Traditionally, insurance organizations have consisted of siloed departments that are each responsible for specific parts of the business. As the industry evolves, insurers are responding to a shifting environment and finding value in working with more agility and efficiency. Collaboration among departments is becoming more important than ever.
Effective collaboration helps break down barriers among teams, leading to more fluid and streamlined processes. This enables insurers to harness the strengths of individual departments and strategically leverage those skills across the organization. Additionally, by working more closely together, employees are better able to understand other departments’ roles, motivations and success metrics. As a result, organizations with a culture of collaboration are able to optimize resources to deliver projects on time and within scope.
Collaboration is important within all departments; however, as the industry undergoes a number of regulations and shifts, compliance is an area that is currently top of mind for many insurers. Governance, risk management and compliance teams touch most projects and, especially with direct to consumer products, ramifications can occur as a result of misalignment. However, the compliance department is often brought in too late, causing a delay in a project’s completion and resulting in redundant work. By working closely with these teams early on, departments can ensure they are aligned throughout the entirety of a project and avoid roadblocks that cost both time and money.
Best Practices for Collaboration
When creating a culture of collaboration, ensuring employees understand its purpose and desired value is vital for success. In our experience, some of the most seamless transitions we’ve seen have been the result of individuals who moved from different areas of the organization into compliance roles. This dual perspective creates an opportunity to bridge teams and develop a common understanding.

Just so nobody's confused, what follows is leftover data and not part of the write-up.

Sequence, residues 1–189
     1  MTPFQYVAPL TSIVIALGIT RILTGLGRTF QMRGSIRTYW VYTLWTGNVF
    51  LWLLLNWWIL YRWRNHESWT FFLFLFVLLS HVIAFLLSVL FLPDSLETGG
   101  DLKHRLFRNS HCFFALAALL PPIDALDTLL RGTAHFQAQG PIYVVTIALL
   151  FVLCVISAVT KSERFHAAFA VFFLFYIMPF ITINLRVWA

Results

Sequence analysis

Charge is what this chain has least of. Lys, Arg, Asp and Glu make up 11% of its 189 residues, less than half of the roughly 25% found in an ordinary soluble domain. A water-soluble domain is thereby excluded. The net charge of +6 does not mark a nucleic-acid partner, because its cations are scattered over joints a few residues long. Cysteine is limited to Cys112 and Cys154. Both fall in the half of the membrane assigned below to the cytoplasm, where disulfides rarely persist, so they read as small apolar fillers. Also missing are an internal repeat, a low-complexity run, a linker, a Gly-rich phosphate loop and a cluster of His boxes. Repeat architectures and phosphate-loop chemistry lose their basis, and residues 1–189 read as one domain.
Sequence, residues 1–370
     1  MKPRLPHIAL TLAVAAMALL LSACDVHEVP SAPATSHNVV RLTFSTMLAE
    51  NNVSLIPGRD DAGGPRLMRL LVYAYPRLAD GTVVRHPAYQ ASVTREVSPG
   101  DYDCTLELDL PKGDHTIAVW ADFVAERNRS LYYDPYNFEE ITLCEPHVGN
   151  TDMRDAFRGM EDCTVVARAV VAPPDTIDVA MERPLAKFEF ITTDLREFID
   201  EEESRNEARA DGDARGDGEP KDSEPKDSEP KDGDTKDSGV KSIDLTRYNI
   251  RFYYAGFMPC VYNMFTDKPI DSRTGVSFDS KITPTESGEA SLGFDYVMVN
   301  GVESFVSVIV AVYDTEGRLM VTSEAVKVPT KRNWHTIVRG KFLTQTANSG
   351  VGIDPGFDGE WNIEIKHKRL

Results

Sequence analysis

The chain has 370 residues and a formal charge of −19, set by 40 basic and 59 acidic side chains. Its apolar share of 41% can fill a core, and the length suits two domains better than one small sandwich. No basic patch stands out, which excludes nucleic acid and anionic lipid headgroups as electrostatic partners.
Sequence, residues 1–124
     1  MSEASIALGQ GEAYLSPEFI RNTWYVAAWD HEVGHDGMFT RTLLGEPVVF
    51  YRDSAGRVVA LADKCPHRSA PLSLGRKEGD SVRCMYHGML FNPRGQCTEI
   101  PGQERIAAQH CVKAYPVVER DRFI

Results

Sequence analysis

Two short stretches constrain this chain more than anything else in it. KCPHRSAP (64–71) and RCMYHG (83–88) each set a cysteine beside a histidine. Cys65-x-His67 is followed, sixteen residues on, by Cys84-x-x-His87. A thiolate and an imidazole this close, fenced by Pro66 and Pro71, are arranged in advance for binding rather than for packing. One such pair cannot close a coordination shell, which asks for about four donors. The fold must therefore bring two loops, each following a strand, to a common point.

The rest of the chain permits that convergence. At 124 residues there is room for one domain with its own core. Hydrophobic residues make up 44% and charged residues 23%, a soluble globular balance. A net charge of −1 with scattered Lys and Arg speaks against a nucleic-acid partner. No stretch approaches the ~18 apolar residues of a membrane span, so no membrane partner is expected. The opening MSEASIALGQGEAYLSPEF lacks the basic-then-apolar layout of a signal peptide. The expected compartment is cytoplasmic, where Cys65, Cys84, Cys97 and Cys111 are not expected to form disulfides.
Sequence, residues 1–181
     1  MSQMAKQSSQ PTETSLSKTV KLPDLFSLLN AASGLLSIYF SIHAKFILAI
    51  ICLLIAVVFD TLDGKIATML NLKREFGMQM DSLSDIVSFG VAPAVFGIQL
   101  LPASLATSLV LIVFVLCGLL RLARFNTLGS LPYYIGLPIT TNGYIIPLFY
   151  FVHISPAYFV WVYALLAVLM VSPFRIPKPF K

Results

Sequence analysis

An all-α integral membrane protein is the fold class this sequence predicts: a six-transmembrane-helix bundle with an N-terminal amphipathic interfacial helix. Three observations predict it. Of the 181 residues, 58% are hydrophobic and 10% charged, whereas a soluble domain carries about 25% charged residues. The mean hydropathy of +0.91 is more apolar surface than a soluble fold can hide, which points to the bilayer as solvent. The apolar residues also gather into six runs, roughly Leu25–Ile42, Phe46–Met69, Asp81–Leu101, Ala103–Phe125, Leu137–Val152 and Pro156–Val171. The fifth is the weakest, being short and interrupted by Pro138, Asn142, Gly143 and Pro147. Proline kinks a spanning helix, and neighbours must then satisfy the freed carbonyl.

While shifting talent to other departments may not always be feasible, it demonstrates one of the keys to collaboration success: a willingness to understand different teams’ goals and drivers, while proactively creating processes to improve interactions.
There are several additional best practices that can help insurers adopt a culture of collaboration, not just with compliance, but among all teams.
Gain support from leadership. It’s vital to get buy-in and support from the top-down. Organizational leadership and management teams can set an example by visibly working with one another and encouraging their teams to leverage the knowledge and skill sets of other departments.
Appoint collaboration ambassadors. In addition to getting leadership involved, appoint individuals who can become ambassadors of change. These individuals should have an understanding of the importance of collaboration and be able to model and share its benefits with peers.
Expect growing pains. As teams begin to work more closely together, there will be bumps along the way. Anticipate these hiccups and encourage teams to view them as opportunities to learn and enhance processes.
Engage Subject Matter Experts to help with the transition. As with most special projects, it’s important that employees are able to dedicate time to exploring and defining the collaboration process. To help mitigate day-to-day work, it may be necessary to bring in temporary talent to ensure departments are able to stay up and running at a normal pace.
Communicate. Communication is vital to success. Ensure leadership and management teams are explaining the shift to collaboration in a consistent way. This should include how employees will be impacted, the desired benefits, changes to employees’ specific roles and responsibilities, and workload expectations. Create a forum for open communication and encourage discussion around questions and concerns.
Celebrate successes and reward a collaborative mindset. Employees should proactively seek out ways to better work together. Encourage a true culture shift by acknowledging and celebrating these efforts throughout the organization.
While getting started with collaboration may seem daunting, the potential pay-off is well worth it. By starting with leadership, enlisting temporary support to help staff focus on the process and proactively seeking to understand and assist other teams, departments can break down silos and work most effectively.